Would you pack it in? If a stick of bombs made a direct hit on or near the Met, with the air-raid sirens caught unawares and no warning given, would you stop singing? Never. You would go on singing regardless.
But what of the little boy sitting there, watching you? Would the song go on for him – and forever?
I woke up. The vast inside of the Odéon lay empty, desecrated, battered – like some fetid, yawning mouth. It seemed irredeemably fouled: the exhaust gases of idealism and spontaneous expression. The theatre’s ghosts had suffered wholesale extermination.
The CRS and gendarmes had surrounded the theatre; they were helmeted and armed with teargas grenades. The word had gone round that the Odéon would be reoccupied by the authorities.
‘What will happen?’ I asked one of my guards.
He sighed. He was unmoved. ‘Negotiations….’
‘No fighting? No last-ditch stand? What’s happened to the spirit of Katanga?’
‘Jackie’s not negotiating with the police,’ he answered tetchily, ‘he’s negotiating with the television and film people. Americans are offering a big fee.’
‘But how much would you ask – to put up some resistance to the police?’
The other dropped his usual air of lassitude. ‘Why? Can you pay?’
Once a mercenary, always a mercenary. He was about to go and fetch the others.
‘No,’ I said, ‘I’m penniless. It’s purely an academic question.’
The guard shrugged.
A voice we could just about hear floated up from a loudhailer outside. ‘Let those who want come out, do it now! You will be free if you leave without weapons, and without any bellicose intentions.’
I looked at my captors.
‘Where does that leave me?’
‘Shut up! I told you we have to await the results of negotiations. Jackie’s down there now.’
Another Katangais put his head round the door.
‘Come on: the order has come through. We’re going!’
‘What about him?’ asked my guard, meaning me.
‘He’s nothing to do with us now.’
I beat the Katangais to the exit, and hid by the pillar of an arch to watch. They emerged clean, well-shaven, their clothes crisp and pressed. They walked upright, without looking at anyone. In the street quite a crowd had collected. The Katangais presented their papers to the police control and marched off without a word.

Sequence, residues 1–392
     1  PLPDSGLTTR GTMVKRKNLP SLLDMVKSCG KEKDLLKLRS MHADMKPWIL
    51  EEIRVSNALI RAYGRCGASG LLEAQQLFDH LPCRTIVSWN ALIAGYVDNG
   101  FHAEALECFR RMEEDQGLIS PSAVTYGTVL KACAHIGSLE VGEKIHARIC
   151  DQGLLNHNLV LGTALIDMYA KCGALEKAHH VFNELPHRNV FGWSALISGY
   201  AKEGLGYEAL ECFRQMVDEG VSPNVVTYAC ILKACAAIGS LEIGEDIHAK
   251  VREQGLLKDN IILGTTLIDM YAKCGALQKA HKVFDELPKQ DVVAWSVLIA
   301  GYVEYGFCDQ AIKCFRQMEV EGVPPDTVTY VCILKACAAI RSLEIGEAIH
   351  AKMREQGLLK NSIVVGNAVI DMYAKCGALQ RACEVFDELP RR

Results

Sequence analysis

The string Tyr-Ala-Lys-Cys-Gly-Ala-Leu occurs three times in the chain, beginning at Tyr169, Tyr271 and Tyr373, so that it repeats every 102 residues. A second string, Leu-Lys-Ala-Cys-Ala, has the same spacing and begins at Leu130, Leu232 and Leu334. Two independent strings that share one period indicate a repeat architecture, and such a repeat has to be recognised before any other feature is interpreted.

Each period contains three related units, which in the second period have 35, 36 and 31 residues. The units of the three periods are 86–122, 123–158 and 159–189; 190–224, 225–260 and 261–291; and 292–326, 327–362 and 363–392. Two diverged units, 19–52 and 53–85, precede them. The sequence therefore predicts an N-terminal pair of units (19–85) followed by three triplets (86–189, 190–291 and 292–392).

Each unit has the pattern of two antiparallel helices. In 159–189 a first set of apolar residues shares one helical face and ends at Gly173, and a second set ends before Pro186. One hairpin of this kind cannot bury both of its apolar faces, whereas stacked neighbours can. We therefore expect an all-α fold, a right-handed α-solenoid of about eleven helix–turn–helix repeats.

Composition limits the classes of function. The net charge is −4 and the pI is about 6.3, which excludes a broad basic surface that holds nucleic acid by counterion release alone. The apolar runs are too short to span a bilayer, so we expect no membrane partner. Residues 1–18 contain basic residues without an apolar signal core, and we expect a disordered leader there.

In the square, top police brass had assembled: prefects, sub-prefects, stood to attention as everyone left. The mayor complimented the police on the ‘cleansing of the public building’. Then an officer in plain clothes climbed out on the roof of the Odéon and removed the red and black flags. The French tricolour soon fluttered again over the weather vane, but there had been no time to erase the ‘Ex’ prefixed to the ‘Théâtre de France’ on the entablature.
In the rue Casimir Delavigne a young man opened a window on the second floor, and started jeering and shouting: it needed all his father’s strength to grab him and haul him back inside.
What was the significance of my dream? Was the contrast of it with the stinking theatre pointing to a path I would have to follow in the future? Was this what destiny had in store?
Dad was after me, had pursued me even to Paris. And he would continue to be after me, relentlessly, until I turned to confront him. Would I have the courage to investigate his life, find out all I could about him, all there was to know? Had I resources enough to tackle the central part of the mystery? And could I present him as he was, expose him to the world?
A line from a poem drifted into my head. ‘O maison, où donc est ton maître?’
Garry O’Connor has worked as daily theatre critic for the Financial Times, and as a director for the RSC, before he became a fulltime writer. As novelist, biographer and playwright Garry has published many books on actors, literary figures, religious and political leaders, including Pope John Paul II and the Blairs. He has had plays performed at Edinburgh, Oxford, Ipswich, London and on Radio 4, and contributed dramatised documentaries to Radio 3, scripts and interviews for BBC 1, as well as having his work adapted for a three-part mini-series. The Vagabond Lover, his father-son memoir, is an incisive probe into the life and career of his father, Cavan O’Connor, famous as a popular tenor and active throughout most of the twentieth century, and into his own life and career as a writer. The above is an excerpt from it, published by CentreHouse Press in hardback, paperback, and on most ebook platforms.